Let me take a vacation in prison before the streets kill me! Rough sleepers’ longing for prison and the reversal of less eligibility in neoliberal carceral continuums

Research output: Contribution to JournalArticleAcademicpeer-review

Abstract

In a steadily expanding carceral landscape, rough sleepers are using prisons in unforeseen ways: namely to escape violence, for survival, to access social or medical care, enhance their prospects or regain housing. Like most neoliberal welfare states, the German aid system is dispersed and based on individual responsibility, but in prison it concentrates due to the prison’s duty to rehabilitate which translates into care for the subject position ‘inmate’ but holds politically unwanted unhoused persons responsible to change their fates. Poor and disenfranchised people who use prisons as lifelines turn the carceral grip into an embrace. Their tactics reveal a reverse cycle of carcerality where the streets are the space of detriment and the prison, trough harnessing the productivity of penal power, offers a break or potential escape from carceral livelihoods. Rough sleepers who seek imprisonment to escape the hardship and confinement of the streets challenge the concept of less eligibility and offer new ways to theorise the carceral and to think through prisons and the iron rules of punishment.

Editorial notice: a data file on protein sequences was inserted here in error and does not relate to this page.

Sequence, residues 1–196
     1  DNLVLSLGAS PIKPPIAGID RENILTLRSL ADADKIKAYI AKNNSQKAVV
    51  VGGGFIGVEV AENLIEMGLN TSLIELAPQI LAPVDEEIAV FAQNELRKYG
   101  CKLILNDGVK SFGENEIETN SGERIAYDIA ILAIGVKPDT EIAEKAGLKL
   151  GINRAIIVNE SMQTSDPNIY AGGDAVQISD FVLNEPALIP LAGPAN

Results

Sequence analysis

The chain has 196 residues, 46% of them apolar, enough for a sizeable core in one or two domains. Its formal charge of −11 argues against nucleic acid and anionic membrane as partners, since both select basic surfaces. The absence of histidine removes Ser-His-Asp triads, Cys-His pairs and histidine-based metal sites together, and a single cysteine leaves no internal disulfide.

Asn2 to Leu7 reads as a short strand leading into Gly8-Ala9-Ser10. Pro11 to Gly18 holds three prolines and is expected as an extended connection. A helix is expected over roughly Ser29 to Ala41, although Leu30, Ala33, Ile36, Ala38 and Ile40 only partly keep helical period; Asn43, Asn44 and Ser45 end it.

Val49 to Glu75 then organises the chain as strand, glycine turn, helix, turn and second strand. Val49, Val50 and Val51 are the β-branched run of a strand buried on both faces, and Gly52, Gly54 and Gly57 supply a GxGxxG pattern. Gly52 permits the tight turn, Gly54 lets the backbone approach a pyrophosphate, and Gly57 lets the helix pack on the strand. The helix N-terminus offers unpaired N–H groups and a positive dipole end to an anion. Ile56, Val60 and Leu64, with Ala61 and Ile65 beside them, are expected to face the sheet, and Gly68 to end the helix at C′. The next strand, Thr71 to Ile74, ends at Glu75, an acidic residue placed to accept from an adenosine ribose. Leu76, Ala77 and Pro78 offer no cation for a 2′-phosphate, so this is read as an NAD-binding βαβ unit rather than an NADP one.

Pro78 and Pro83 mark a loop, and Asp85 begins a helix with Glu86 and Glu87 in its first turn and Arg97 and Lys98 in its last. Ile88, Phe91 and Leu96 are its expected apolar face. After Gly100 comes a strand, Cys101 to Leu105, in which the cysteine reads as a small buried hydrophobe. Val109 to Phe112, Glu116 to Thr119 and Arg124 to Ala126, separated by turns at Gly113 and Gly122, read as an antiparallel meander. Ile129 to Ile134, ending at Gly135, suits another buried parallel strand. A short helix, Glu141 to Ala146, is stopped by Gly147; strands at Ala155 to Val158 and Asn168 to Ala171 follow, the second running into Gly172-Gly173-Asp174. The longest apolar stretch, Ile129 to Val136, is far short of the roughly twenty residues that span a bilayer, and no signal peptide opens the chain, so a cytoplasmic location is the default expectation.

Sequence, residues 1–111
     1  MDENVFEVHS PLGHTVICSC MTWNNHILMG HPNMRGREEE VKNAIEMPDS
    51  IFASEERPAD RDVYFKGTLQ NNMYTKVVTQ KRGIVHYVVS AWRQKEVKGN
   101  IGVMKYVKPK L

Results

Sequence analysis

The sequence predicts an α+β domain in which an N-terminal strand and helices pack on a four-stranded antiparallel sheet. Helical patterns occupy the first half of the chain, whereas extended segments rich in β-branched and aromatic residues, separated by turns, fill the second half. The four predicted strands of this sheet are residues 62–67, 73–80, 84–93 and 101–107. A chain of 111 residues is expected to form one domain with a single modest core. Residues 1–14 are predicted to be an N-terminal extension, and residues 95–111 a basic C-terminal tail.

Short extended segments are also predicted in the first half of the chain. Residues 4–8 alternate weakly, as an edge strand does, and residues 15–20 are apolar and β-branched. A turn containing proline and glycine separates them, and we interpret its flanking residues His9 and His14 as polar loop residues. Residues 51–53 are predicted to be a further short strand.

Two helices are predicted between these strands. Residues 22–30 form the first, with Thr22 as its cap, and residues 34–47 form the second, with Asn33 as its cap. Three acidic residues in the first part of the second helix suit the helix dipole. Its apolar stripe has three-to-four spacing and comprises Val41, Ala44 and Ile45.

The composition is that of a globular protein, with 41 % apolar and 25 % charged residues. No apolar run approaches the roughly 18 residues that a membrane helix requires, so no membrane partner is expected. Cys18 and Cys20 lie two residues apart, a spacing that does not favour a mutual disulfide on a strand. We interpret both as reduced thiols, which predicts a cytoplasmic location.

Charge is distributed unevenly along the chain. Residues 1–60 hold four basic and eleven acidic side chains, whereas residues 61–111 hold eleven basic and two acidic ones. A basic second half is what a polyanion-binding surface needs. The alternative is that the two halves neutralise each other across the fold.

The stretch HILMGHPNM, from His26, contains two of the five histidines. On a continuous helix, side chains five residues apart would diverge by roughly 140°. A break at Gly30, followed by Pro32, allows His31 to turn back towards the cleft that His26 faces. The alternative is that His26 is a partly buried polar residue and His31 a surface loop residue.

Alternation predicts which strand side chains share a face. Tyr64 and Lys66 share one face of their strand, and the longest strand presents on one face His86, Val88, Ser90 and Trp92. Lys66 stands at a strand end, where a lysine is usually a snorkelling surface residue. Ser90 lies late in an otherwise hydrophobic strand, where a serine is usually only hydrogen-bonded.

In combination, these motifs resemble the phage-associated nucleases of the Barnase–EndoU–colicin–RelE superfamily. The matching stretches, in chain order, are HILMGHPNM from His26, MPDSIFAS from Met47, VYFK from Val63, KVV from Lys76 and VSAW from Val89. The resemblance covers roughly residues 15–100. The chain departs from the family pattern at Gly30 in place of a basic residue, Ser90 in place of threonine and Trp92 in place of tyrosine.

Original languageEnglish
Pages (from-to)1-20
Number of pages20
JournalPunishment and Society
DOIs
Publication statusE-pub ahead of print - 7 May 2021

Keywords

  • punishment
  • imprisonment
  • carceral continuums
  • carcerality
  • confinement
  • Germany
  • homelessness
  • less eligibility
  • poverty
  • prison
  • prison-street nexus

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